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will be used after the same manner; as some good mothers will be sure to whip their children until they cry, and then whip them for crying.
There are but two ways of doing any thing with great people, and those are by making yourself either considerable or agreeable: the former is not to be attained but by finding a way to live without them, or concealing that you want them; the latter is only by falling into their taste and pleasures : this is, of all the employments in the world, the most servile, except it happens to be of your own natural humour. For to be agreeable to another, especially if he be above you, is not to be possessed of such qualities and accomplishments as should render you agreeable in yourself, but such as make you agreeable in respect to him. An imitation of his faults, or a compliance, if not subservience, to his vices, must be the measures of your
conduct. When it comes to that, the unnatural state a man lives in, when his patron pleases, is ended; and his guilt and complaisance are objected to him, though the man who rejects him for his vices, was not only his partner, but seducer. Thus the client, like a young woman who has given up the innocence which made her charming, has not only lost his time, but also the virtue which could render him capable of resenting the injury which is done him.
It would be endless to recount the tricks of turning you off from themselves to persons who have less power to serve you, the art of being sorry for such an unaccountable accident in your behaviour, that such a one, who, perhaps, has never heard of you, opposes your advancement; and if you have any thing more than ordinary in you, you are flattered with a whisper, that it is no wonder people are so slow in doing for a man of your talents, and the like.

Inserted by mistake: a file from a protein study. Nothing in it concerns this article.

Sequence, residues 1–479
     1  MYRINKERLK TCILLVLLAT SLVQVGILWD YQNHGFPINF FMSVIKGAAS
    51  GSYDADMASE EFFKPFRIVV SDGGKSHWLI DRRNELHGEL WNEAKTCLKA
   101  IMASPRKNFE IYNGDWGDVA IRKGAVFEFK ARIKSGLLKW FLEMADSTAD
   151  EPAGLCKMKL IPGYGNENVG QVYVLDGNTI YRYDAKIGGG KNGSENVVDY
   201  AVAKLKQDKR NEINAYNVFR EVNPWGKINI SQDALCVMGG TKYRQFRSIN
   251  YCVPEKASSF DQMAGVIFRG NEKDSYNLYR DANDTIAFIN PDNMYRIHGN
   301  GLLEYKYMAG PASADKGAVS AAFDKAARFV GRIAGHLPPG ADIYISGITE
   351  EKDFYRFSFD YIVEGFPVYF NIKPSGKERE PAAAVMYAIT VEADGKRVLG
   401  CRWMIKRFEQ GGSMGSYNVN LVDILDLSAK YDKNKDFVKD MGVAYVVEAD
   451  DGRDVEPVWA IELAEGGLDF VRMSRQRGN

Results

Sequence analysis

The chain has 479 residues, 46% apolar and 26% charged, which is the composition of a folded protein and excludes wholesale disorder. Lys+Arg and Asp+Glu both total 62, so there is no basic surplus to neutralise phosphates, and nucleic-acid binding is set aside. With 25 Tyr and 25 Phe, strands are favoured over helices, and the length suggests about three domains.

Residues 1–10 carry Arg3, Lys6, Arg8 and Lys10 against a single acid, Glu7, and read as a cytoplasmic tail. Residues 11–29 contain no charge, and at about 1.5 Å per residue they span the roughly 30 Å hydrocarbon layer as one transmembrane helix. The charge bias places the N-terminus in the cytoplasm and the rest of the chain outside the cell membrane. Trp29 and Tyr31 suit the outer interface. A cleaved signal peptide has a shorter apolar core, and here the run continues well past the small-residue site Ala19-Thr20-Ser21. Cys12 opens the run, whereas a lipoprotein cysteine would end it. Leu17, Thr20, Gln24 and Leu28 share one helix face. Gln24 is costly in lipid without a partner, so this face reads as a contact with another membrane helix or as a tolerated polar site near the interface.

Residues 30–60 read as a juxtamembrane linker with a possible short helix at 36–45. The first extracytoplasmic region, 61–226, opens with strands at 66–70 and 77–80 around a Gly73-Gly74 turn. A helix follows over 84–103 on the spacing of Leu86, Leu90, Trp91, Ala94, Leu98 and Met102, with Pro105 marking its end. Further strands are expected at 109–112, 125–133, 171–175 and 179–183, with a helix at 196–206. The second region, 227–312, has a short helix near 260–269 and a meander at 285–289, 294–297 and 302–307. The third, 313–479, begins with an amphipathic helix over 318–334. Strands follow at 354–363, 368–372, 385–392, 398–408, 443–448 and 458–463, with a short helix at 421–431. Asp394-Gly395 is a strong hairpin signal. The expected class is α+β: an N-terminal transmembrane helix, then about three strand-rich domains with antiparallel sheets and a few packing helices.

After all this treatment, I must still add the pleasantest insolence of all, which I have once or twice
seen; to wit, that when a silly rogue has thrown away one part in three of his life in unprofitable attendance, it is taken wonderfully ill that he withdraws, and is resolved to employ the rest for himself.
When we consider these things, and reflect upon so many honest natures, which one, who makes observation of what passes, may have seen, that have miscarried by such sort of applications, it is too melancholy a scene to dwell upon ; therefore I shall take another opportunity to discourse of good patrons, and distinguish such as have done their duty to those who have depended upon them, and were not able to act without their favour. Worthy patrons are like Plato's guardian angels, who are always doing good to their wards; but negligent patrons are like Epicurus's gods, that lie lelling on the clouds, and instead of blessings, pour down storms and tempests on the heads of those that are offering incense to them.
Ingenuous arts , where they can entrance find,
I CONSIDER an human soul without education like marble in the quarry, which shews none of its inherent beauties, until the skill of the polisher fetches out the colours, makes the surface shine, and discovers every ornamental cloud, spot, and vein, that runs through the body of it. Eclucation, after the same manner, when it works upon a noble mind, draws out to view every latent virtue and perfection, which without such helps are never able to make their appearance.
If my reader will give me leave to change the allusion so soon upon him, I shall make use of the same instance to illustrate the force of education, which Aristotle has brought to explain his doctrine of substantial forms, when he tells us that a statue lies hid in a block of marble; and that the
of the statuary oniy clears away the superslucus matter, and removes the rubbish. The figure is in the stone, the sculptor only findis it. What sculpture is to a block of marble, education is to an human soul. The philosopher, the caint, or the hero, the wise, the good, or the great man, very often jie hid and concealed in a plebeian, which a proper education might have disinterred, and have brought to light. I am therefore much delighted with reading the accounts of savage nations, and with contemplating those virtues which are wild and uncultivated; to see courage exerting itself in fierceness, resolution in obstinacy, wisdom in cunning, patience in sullerness and despair.
Men's passions operate variously, and appear in different kinds of actions, according as they are more or less rectified and swayed by reason.